The state government’s focus on flourishing fish stocks in NSW has seen fines for people breaking the rules increase by 44% since 2018.
Last year fisheries officers from the NSW Department of Primary Industries issued 3,172 fines — a 44% increase on the two years before.
Agriculture minister Adam Marshall said the numbers reflected a ‘government blitz’ to protect and enhance the state’s aquatic resources.
“Our fishers are incredibly passionate and the vast majority of them do the right thing, but unfortunately a small minority think they can get away with breaking the rules,” Marshall said.
“This crack-down is part of our continued commitment to ensure a sustainable future for fishing.”
“Rules are there for a reason and the Fisheries Management Act 1994 protects and promotes access to resources, including for Aboriginal cultural fishing purposes.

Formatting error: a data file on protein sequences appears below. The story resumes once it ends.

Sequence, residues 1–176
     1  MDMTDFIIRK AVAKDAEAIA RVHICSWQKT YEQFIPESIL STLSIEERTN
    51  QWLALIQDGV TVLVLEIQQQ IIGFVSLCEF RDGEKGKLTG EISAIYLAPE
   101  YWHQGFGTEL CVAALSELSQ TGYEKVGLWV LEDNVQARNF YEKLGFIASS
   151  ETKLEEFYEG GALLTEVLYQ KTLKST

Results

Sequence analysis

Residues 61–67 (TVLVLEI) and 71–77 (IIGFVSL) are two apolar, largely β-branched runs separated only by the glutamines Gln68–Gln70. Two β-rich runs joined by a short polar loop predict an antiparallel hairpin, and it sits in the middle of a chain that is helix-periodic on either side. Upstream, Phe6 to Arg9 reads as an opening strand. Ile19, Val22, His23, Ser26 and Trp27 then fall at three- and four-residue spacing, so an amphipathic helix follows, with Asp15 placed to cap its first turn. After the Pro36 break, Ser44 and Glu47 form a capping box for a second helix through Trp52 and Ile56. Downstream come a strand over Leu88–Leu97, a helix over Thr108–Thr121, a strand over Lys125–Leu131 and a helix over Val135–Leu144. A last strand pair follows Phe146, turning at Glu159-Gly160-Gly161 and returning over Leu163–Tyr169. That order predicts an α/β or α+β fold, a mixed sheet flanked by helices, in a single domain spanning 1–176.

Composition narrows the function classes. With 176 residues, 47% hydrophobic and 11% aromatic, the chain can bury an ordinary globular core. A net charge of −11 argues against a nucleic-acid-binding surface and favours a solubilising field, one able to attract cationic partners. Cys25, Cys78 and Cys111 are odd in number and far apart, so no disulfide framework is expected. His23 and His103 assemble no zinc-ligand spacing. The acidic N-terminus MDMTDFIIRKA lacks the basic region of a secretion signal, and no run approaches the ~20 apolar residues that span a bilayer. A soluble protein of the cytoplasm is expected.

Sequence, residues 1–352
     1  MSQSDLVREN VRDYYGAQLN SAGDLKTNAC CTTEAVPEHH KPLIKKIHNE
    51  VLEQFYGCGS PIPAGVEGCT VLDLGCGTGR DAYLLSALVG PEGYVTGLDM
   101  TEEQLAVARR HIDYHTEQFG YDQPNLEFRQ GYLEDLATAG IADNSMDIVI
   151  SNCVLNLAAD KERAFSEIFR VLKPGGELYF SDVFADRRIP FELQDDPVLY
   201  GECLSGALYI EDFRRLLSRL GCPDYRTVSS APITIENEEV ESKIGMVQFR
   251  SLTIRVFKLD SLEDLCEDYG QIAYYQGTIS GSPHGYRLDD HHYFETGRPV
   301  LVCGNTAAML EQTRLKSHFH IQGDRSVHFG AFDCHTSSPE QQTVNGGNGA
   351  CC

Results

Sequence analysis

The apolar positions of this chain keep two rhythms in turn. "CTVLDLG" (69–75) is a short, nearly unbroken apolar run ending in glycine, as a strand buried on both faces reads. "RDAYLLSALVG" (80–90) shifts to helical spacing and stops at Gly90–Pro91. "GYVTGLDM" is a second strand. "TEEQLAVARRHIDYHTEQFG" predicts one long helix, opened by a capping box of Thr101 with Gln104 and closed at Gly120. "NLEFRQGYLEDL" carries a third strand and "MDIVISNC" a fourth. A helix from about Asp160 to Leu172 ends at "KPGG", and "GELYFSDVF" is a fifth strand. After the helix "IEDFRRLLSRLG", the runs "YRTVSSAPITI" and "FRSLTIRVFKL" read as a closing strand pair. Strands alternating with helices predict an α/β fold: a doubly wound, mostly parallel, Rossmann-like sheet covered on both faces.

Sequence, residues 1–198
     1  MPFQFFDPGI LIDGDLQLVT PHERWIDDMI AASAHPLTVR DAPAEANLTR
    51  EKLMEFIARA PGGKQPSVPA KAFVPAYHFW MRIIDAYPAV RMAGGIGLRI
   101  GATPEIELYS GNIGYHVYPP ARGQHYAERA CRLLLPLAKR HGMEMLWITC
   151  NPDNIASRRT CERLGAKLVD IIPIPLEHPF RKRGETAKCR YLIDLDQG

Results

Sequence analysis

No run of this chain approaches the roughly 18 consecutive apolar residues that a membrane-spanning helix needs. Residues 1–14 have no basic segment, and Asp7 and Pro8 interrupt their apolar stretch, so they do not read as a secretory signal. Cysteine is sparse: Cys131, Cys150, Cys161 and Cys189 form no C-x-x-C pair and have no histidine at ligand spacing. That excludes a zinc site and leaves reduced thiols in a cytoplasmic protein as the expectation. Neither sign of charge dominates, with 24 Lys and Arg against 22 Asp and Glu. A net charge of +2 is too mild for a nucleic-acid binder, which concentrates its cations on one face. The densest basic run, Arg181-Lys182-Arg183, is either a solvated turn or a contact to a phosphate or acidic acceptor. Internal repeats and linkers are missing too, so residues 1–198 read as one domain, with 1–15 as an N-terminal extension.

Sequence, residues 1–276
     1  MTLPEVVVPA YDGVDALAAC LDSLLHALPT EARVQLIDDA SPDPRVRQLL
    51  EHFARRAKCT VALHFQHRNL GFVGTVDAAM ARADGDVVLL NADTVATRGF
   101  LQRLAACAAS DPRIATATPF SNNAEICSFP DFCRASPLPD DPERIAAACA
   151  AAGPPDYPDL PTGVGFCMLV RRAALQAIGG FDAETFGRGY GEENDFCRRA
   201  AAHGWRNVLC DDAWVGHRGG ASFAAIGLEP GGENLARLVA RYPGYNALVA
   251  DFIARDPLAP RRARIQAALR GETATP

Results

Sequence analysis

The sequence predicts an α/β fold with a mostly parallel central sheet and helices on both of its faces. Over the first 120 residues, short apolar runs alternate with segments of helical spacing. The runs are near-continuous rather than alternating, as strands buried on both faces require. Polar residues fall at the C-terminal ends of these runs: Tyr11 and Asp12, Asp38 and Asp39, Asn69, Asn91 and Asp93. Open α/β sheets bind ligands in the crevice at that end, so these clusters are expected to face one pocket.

“I won’t apologise for coming down on repeat offenders.”
As a part of the renewed efforts by fisheries officers to change the behaviour of rule-breakers, Marshall said that engaging with fishing communities was important to do alongside compliance measures.
“Issuing fines is not about government walking around with a big stick, but rather working with the community to ensure our fishing resources are available for everyone, including our future generations who will also love to wet a line,” he said.
Marshall added that the approach of the department was to take one based on risk-based compliance, which was multifaceted.
“It is critical we take steps to allow our fish stocks and the habitats they depend on to flourish and protecting these resources through risk based and outcomes focused compliance is a crucial part of ensuring that this happens.”